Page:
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“Generation after generation will pass …
and no one will remain to remember us and our forefathers …” (cont.)

 




Here lie 8,000 Jews
From Zarasai and its environs
Murderously slaughtered by
the German fascists
On August 26, 1941






 
The Monument with the Original Inscription, 1947

 

 




Here in this place
The Nazi-murderers
And their collaborators
Barbarously slew
8,000 Jews – children, women and men
Sacred be the memory
Of the innocent victims





 
The Monument with the New Inscription, 1991

 

“We remember…”
 
The Second and Third Generations visit the Mass Graves, August 2007
Right side, top: Arthur Aires, Shimshon Zimmerman, Dani and David Toker
In front: Yonatan Mandel, Sara Weiss (Slep), sisters Mehlman: Shlomit Steinitz and Michal Vidan, RamaRefael (Mandel) in front
Left side, top: Dov Stern and Ruti (Sterman), Aviram and his father Moshe Sterman, Orly Ben-Moshe (Mandel) between Rami and his father Reuven Milon
In front: Leuma and Gidon Lerman, Uri Mandel (kneeling)
[Courtesy of Ruti Stern]

 

The Jews of Lithuania were settled in over two hundred shtetlach, scattered throughout the country. There was almost no urban center or village in which there were no Jews living. Sometimes there were only isolated families.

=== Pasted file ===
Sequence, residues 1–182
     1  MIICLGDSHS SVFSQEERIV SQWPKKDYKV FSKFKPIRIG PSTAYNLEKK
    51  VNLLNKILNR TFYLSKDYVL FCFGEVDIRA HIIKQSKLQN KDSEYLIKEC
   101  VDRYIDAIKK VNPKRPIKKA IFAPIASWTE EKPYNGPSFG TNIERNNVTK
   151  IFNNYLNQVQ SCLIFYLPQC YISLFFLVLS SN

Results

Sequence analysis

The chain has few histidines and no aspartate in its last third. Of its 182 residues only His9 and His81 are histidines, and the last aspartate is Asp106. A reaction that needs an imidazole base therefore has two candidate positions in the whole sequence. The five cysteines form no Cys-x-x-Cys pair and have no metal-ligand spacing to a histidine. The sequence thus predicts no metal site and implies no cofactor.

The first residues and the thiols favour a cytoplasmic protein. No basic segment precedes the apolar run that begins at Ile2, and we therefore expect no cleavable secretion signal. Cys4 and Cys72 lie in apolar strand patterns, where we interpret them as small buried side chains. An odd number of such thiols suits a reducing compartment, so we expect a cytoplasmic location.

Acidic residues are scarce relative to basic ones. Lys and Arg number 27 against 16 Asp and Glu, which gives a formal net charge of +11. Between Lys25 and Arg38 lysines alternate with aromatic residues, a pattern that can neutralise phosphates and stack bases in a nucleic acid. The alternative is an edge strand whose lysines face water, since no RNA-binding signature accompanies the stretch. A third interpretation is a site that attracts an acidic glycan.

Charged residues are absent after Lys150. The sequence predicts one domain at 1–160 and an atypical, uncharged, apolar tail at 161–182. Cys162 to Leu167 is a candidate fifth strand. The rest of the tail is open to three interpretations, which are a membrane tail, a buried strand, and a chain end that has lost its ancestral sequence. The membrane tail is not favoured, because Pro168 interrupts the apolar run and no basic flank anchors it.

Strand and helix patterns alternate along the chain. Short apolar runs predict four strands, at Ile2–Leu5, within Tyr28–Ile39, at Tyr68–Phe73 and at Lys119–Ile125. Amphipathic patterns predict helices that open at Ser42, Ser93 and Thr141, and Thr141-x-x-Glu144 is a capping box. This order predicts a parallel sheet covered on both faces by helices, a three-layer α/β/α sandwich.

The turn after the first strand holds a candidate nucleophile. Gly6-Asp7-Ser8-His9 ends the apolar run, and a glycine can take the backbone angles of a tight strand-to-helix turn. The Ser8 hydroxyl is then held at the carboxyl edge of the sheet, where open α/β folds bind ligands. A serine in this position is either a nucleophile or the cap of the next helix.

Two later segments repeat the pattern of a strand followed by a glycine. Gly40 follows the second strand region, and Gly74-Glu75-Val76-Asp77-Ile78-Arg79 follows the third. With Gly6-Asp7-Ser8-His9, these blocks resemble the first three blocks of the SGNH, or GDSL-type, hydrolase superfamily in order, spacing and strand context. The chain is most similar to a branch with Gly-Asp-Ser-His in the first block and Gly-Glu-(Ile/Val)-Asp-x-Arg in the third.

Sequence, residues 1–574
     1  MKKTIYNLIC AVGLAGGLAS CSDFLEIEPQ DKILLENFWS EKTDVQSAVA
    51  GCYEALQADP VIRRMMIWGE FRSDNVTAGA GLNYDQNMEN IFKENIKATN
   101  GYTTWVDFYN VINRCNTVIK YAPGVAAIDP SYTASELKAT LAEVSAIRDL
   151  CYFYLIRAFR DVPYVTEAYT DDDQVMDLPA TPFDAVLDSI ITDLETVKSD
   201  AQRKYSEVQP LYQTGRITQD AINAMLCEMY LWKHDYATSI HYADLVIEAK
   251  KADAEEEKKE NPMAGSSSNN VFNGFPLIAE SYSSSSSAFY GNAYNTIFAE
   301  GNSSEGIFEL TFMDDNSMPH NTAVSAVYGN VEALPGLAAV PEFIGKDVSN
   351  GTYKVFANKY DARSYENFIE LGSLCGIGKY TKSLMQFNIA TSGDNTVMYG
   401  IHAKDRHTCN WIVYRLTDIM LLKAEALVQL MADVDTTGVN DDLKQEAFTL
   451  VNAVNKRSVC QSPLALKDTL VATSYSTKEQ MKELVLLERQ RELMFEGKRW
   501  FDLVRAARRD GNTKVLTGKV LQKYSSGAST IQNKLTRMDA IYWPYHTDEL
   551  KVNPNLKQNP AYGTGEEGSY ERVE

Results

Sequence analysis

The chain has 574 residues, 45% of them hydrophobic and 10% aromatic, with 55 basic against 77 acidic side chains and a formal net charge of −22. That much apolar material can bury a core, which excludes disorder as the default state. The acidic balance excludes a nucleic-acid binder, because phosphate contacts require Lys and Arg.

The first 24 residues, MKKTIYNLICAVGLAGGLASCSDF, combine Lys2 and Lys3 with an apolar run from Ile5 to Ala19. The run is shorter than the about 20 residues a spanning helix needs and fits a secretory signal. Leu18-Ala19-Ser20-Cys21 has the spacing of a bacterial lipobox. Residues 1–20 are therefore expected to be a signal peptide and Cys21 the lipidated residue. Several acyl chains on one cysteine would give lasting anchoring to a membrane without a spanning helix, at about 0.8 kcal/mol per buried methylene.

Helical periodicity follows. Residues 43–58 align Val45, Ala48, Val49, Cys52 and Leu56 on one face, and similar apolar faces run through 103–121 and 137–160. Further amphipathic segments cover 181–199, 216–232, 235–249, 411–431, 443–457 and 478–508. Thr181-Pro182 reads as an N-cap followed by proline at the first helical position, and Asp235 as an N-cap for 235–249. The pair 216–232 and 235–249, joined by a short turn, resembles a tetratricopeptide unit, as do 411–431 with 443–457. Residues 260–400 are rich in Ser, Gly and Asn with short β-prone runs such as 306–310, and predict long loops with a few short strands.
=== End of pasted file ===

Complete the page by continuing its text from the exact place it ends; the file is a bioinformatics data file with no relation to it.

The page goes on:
The war between Germany and the Soviet Union began on June 22, 1941. Like fire carried on a raging wind, destruction and murder settled on the Jewish communities, and before a year had passed, in all the outlying towns of Lithuania (outside of Kovno [Kaunas] and Shavli [Siauliai]), all that remained of the Jews were communal graves. When the storm passed, the war ended and the few survivors came out of the dens in which they had hidden, the soldiers and partisans returned from battle, the remnants of the camp inmates were liberated, and the people who had found sanctuary in the Soviet Union began returning “home”, then the destruction of Lithuanian Jewry was revealed in all its atrocity.[3]

Footnote

  1. [46] Barak, Zvi. Arey Hasadeh [Shtetlach], in Yahadut Lita, Volume 4, p. 235.

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